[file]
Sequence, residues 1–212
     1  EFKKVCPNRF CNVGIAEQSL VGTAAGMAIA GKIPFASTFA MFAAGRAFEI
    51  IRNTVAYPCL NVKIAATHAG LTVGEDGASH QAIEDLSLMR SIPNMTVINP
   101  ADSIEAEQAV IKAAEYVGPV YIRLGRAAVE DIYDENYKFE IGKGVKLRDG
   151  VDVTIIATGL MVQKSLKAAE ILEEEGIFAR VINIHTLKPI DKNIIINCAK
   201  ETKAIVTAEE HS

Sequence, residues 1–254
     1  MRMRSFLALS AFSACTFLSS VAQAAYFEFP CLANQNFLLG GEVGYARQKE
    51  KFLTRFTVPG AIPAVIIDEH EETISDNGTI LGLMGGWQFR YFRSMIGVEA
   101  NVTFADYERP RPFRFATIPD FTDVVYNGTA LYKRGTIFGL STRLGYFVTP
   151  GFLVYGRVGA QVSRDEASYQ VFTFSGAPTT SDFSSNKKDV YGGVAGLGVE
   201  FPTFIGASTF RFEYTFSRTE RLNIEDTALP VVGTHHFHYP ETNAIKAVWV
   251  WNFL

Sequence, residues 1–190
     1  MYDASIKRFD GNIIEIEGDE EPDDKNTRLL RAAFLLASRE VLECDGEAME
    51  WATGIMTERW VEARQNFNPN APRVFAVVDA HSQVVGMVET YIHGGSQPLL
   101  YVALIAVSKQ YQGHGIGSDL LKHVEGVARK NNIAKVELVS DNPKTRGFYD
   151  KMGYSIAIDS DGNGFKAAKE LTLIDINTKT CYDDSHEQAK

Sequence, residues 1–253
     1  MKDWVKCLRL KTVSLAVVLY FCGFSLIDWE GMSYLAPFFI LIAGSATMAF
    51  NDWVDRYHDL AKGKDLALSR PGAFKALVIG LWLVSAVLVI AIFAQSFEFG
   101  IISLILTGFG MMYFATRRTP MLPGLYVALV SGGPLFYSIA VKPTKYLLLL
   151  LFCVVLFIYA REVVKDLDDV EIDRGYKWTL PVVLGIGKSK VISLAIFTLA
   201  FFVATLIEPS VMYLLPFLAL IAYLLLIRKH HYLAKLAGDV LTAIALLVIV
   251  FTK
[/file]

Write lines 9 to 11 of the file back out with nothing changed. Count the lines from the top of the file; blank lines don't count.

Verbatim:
    51  KFLTRFTVPG AIPAVIIDEH EETISDNGTI LGLMGGWQFR YFRSMIGVEA
   101  NVTFADYERP RPFRFATIPD FTDVVYNGTA LYKRGTIFGL STRLGYFVTP
   151  GFLVYGRVGA QVSRDEASYQ VFTFSGAPTT SDFSSNKKDV YGGVAGLGVE